Do you have trouble falling asleep, or do you wake up several times a night and struggle to fall back to sleep? Sleep is essential to our physical and mental health. If you don’t sleep enough, you may experience negative effects the next day, such as headaches, fatigue and irritability.
Some adults can function well with six to seven hours a night, but most people need at least eight hours of sleep. A lack of sleep can cause some serious health issues in the long term. You’re at risk of developing high blood pressure, diabetes, obesity, and it could even lead to premature death.
It’s essential to find out why you’re not sleeping well. Vist sleep apnea therapy to discover if you need treatment for a condition that might be affecting your quality of sleep.
A lack of sleep can cause serious health issues. Source
Why Are You Having Trouble Sleeping?
There are many reasons that could be causing your sleep issues, including medical conditions and certain lifestyle choices.
1. Chronic Illness
Your trouble sleeping may be caused by a sleeping disorder, such as sleep apnea, or other health conditions that must be diagnosed and treated. A chronic pain condition such as Interstitial Cystitis or painful bladder syndrome can keep you up at night, and needs to be treated if you want the quality of your sleep to improve.
Acid reflux, bile reflux, restless leg syndrome, and hormonal changes are other health-related issues that might be keeping you awake. It’s advisable to write down any symptoms you are experiencing so that your physician can give you a physical examination. If your doctor suspects you suffer from sleep apnea, you might be referred for a comprehensive sleep study.
2. Your Medication
You also need to be aware that prescription medicine and even herbal medicine can disrupt your sleep, especially if you take them late at night. Medications such as antidepressants, beta-blockers, and corticosteroids could also be affecting your sleep. You could ask your doctor for another drug that will hopefully not affect your sleep, or if you could take your medicine at another time of the day.
Taking stressful thoughts to bed with you will also prevent you from getting a good night’s sleep. You need to destress before going to bed. It’s vital to develop some healthy pre-sleep habits and to remove negative associations from your sleeping space.
- Plan the next day well in advance before you go to bed, to make sure your mind is quiet and not cluttered with thoughts.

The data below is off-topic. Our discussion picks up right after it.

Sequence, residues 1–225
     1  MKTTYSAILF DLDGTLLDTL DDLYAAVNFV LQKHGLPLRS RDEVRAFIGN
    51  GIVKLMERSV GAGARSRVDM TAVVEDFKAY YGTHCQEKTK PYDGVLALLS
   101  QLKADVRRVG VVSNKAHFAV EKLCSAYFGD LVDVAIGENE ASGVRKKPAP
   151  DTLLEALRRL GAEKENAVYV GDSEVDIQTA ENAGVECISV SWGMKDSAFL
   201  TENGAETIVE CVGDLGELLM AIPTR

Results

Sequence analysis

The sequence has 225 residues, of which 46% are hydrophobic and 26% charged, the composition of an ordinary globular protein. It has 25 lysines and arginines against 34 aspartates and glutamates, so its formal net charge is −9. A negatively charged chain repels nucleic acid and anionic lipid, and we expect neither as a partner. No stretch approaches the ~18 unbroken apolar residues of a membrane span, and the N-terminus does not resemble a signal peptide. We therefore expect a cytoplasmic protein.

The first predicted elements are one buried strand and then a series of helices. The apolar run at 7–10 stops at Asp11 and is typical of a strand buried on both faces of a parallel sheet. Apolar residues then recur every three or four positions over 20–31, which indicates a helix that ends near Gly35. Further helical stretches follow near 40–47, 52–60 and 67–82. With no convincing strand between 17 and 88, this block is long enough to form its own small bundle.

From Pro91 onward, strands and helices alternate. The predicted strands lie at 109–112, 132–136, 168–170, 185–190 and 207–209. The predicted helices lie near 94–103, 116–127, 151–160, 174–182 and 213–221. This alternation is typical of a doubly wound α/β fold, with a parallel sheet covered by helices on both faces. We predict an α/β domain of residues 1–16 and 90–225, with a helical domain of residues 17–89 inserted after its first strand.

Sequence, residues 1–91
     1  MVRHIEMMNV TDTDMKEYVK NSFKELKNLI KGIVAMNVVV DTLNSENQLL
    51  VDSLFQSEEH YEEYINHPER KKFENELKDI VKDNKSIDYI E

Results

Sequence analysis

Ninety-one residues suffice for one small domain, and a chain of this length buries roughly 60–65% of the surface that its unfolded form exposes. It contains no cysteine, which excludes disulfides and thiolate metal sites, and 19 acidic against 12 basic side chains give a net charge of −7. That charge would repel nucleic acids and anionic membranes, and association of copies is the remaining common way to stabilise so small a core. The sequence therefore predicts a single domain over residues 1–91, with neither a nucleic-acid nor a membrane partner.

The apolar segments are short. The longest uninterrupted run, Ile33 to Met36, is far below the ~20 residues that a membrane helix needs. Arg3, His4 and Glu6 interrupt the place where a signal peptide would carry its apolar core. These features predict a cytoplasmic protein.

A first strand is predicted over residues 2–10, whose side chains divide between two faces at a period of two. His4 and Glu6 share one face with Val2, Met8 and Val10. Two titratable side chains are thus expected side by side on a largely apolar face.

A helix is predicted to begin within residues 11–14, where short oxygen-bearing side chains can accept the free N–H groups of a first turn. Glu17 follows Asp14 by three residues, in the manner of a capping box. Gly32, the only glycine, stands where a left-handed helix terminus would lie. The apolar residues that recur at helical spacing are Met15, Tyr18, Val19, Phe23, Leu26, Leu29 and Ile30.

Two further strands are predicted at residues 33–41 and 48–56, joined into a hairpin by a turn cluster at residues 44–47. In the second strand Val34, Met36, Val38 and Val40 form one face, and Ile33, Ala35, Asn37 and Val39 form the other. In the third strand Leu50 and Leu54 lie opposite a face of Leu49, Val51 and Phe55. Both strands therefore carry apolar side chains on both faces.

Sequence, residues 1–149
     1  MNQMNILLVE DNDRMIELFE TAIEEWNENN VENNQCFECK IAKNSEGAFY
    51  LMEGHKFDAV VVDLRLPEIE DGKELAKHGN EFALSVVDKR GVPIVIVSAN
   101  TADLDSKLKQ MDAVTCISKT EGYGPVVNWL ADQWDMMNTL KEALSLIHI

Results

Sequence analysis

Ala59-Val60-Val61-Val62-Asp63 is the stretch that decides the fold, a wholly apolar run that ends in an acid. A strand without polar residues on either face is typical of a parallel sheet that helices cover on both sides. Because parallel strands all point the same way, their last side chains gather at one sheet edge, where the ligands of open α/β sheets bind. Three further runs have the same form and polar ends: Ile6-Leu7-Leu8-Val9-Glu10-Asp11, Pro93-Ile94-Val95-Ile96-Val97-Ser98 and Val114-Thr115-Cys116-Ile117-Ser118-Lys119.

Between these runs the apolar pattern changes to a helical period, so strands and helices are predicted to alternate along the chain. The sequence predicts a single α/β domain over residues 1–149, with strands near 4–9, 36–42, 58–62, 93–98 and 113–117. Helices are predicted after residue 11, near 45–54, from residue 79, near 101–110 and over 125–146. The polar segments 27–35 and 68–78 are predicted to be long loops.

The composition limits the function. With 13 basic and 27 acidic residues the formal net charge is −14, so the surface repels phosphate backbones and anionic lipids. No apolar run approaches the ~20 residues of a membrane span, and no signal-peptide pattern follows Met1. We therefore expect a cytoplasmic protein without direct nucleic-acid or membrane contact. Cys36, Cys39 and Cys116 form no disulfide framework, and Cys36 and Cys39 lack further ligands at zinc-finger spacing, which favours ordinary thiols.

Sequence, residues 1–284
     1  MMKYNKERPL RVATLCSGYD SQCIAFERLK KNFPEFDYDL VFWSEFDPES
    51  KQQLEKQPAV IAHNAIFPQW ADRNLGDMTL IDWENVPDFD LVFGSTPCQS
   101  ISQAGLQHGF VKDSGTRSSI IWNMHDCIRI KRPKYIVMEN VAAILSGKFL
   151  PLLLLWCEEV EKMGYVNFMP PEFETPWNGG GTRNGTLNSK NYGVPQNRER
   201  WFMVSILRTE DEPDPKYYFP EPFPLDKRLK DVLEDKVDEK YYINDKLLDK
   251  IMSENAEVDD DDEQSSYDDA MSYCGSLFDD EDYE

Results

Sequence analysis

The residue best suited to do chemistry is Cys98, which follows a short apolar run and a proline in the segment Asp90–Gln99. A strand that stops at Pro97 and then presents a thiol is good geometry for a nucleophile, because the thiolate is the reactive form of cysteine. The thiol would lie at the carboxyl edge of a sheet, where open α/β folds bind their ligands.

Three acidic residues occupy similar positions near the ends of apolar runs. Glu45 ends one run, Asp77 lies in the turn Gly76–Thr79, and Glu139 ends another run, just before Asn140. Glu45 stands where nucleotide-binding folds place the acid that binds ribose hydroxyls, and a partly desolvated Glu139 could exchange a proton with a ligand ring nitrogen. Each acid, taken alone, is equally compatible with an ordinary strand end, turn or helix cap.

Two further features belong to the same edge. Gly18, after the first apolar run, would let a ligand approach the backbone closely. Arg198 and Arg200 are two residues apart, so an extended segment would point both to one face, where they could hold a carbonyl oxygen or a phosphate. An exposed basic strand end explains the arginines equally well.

- If you’re not asleep in about 30 minutes, get up and write down what’s on your mind. Tell yourself that you will revisit these thoughts or problems in the morning.
- Develop a ritual before you go to bed, such as taking a bath or drinking milk or herbal tea.
4. Your Lifestyle
Your lifestyle could also be disrupting your sleep patterns. Some habits that could be problematic include:
- The idea of having a nightcap to help you sleep is still a popular one, but the truth is it could interrupt your sleep during the night, or force you awake if you have to go to the bathroom. You should not drink alcohol for several hours before going to bed.
- Don’t eat before going to bed, as your full stomach might give you heartburn, which can make it harder to fall asleep.
- Stop having coffee or foods that contain caffeine after the late afternoon. Caffeine blocks adenosine, a chemical in the brain that makes you fall asleep.
5. Circadian Rhythm disorder
Your circadian rhythm tells you when to feel sleepy, and when to wake up. Evolution has programmed us to be productive when it’s light outside and to go to sleep when it’s dark. Many people have developed disordered circadian rhythms, as a result of working long hours and spending time in artificial lighting.
We spend a lot of time in front of screens such as our TVs, laptops and cellphones. If you want to improve the quality of your sleep, you should cut screen time at least an hour before you go to bed.
Sleep has almost become a luxury in modern life, and we tend to cut down on our sleeping hours, as our lives become even busier. You might feel you need to sleep less so that you can be more successful at work or your studies, but you will ultimately end up paying with health problems, and the quality of your work will also deteriorate if you are chronically sleep deprived.
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